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Part 4 – How to get patients to increase BG monitoring How To Impact Your Patien

Jul 2, 2004

I recently traveled to 15 small towns in central Illinois over 28 days and provided free instant a1c tests and diabetes education for over 350 patients. After the education program we asked them to fill out a survey and 2 of the questions and results follow: Prior to today, how many times a day were you checking your blood glucose: Response was an average of 1.25 times per day After today, how many times a day will you check your blood glucose: Response was 2.95 times a day. As you can see, we were able to make a major change in how many times they monitor their blood sugars. Because I only had 20 minutes with each patient, I had to be short, precise and to the point. In this special feature, I will review with you the information I supplied to the patient that caused them to increase their blood glucose monitoring.

Together we reviewed with them their A1c number and what it meant as far as their blood glucose levels. Using the Quality of Life Number chart we equated this to their average glucose and explained this was an average so some readings had to be higher in order to have this average. If the patient had never seen higher than their average readings I explained they were probably testing at the wrong times or they were not testing as often as they should.

Because most of the patients were only testing in the morning and seeing only the lowest numbers, I asked them if I could ask them two questions?

First question: When do you think diabetes causes most of the damage, to your body, when you blood sugars are normal or when they are high?

Everyone answered, when they are high!

Second question: When do you think your blood sugars are higher? Before you eat or after you eat?

Everyone answered, after you eat!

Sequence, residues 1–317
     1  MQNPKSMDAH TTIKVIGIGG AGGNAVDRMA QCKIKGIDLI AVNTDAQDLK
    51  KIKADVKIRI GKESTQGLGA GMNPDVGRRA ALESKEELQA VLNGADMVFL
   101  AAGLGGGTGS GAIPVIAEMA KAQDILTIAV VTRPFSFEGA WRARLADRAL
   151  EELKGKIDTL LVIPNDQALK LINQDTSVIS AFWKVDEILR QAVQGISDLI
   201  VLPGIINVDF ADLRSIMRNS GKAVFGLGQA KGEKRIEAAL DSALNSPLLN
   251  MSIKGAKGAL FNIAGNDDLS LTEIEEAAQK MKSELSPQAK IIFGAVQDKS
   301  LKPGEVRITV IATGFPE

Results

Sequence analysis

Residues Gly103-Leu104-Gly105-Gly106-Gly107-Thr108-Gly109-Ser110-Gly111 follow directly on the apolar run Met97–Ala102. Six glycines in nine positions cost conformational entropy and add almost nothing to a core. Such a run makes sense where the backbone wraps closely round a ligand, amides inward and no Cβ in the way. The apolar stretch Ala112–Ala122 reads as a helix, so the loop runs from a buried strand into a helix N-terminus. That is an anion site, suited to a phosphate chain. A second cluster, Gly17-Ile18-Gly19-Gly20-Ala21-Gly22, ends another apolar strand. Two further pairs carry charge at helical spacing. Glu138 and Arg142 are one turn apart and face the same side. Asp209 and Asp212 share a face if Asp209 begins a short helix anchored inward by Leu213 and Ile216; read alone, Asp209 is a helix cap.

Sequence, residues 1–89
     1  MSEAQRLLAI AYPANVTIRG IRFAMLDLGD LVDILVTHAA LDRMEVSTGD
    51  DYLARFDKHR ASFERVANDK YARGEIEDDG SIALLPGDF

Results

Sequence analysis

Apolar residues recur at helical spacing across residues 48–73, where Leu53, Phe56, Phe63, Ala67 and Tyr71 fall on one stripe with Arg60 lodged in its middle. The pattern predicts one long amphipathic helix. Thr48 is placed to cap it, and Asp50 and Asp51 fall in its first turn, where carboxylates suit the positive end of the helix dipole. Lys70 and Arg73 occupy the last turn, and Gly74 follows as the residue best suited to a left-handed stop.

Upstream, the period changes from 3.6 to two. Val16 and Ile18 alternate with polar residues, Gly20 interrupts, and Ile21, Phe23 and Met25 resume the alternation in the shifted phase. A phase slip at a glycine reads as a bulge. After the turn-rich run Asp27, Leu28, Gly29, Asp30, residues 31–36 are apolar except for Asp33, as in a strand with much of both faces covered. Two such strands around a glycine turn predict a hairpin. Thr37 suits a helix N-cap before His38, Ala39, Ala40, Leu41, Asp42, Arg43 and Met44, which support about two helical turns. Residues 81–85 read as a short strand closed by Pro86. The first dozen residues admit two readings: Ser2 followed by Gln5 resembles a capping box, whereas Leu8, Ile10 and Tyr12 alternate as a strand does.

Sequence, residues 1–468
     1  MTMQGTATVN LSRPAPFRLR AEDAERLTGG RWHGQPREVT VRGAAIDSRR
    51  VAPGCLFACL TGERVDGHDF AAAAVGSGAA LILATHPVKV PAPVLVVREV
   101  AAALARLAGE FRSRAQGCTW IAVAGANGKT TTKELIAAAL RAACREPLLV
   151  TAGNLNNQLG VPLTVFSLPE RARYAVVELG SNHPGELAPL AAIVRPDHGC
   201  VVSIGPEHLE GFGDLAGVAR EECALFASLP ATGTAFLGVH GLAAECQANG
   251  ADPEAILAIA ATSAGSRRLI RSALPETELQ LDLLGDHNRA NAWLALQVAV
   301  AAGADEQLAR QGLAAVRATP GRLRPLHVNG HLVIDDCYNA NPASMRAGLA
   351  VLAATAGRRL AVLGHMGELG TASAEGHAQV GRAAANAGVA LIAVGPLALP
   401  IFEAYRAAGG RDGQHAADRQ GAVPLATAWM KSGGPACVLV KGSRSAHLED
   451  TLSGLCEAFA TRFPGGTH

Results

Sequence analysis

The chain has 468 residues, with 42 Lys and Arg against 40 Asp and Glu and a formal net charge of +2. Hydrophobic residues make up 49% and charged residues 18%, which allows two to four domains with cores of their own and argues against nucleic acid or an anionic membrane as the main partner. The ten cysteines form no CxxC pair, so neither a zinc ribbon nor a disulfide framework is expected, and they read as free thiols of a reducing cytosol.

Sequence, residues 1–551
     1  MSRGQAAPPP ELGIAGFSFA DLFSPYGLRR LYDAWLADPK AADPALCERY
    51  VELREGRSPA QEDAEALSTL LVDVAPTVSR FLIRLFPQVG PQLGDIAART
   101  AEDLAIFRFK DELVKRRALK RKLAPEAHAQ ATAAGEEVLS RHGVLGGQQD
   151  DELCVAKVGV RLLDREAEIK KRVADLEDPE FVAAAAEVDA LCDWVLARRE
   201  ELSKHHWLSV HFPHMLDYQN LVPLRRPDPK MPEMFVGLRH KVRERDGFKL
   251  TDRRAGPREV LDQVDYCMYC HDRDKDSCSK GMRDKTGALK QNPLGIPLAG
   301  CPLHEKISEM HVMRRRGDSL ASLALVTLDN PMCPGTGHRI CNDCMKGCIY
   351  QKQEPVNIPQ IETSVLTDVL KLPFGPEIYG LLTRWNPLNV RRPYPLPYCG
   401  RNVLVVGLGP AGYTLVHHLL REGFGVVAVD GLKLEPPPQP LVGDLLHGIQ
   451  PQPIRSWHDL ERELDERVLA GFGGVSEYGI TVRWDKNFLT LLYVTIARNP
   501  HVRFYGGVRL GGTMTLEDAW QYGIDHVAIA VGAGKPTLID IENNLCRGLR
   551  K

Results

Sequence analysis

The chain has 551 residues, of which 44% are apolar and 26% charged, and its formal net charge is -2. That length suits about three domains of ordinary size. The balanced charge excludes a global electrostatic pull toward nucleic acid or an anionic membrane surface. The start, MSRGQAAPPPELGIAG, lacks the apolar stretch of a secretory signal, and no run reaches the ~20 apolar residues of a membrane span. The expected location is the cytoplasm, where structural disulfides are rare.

Reply: So, you are telling me that your blood sugars are highest after you eat and that’s when they are causing most of the damage and you don’t have a clue? Is that correct?

It is amazing to see the look on a patients face when they realize that they are telling me diabetes causes the most damage when their blood sugars are high after they eat, and yet they never check it then……………..

Most reply that their doctors never explained it to them.

I then replied that most doctors like the fasting blood sugars because the morning reading is not affected in general by the foods we are eating and it lets them know how well their livers are working in releasing glucose.

The readings 2 hours after they eat are directly related to the foods that we eat and since some doctors are not formally trained in nutrition, it makes it difficult for them to talk about the results you see 2 hours after eating.

That the reading 2 hours after eating will tell them 3 important things:

First, it will let them know if they ate too much, which they have complete control over.

Second it will tell them if they ate the wrong foods, which they also have complete control over.

Thirdly, it will tell them if their insulin or oral medications are working.
This could be of great value in adjusting the physcian’s treatment program and successful blood sugar control for the patient.

I also let them know that there are new drugs that only work on their blood sugars after they eat, and if they don’t monitor their blood sugars after they eat, their doctor will not know if he should prescribe the new medications. The more information they give their doctors or educators, the more options are available to them. Checking their blood sugars 2 hours after eating will educate them and allow them to make changes to their diet that will have a direct impact on their control.

They then ask when should I monitor my blood sugars? I let them know that probably after their largest meal and then maybe vary the times and check it occasionally after breakfast and lunch. That they will learn something every time they check their blood sugars after eating, like what foods effect their blood sugars the most and those that do not.

Most patients agree to check more often…definitely an advantage in prescribing the proper
treatment program for your patient and monitoring their food intake.


In Part 5 we will talk about counting carbohydrates

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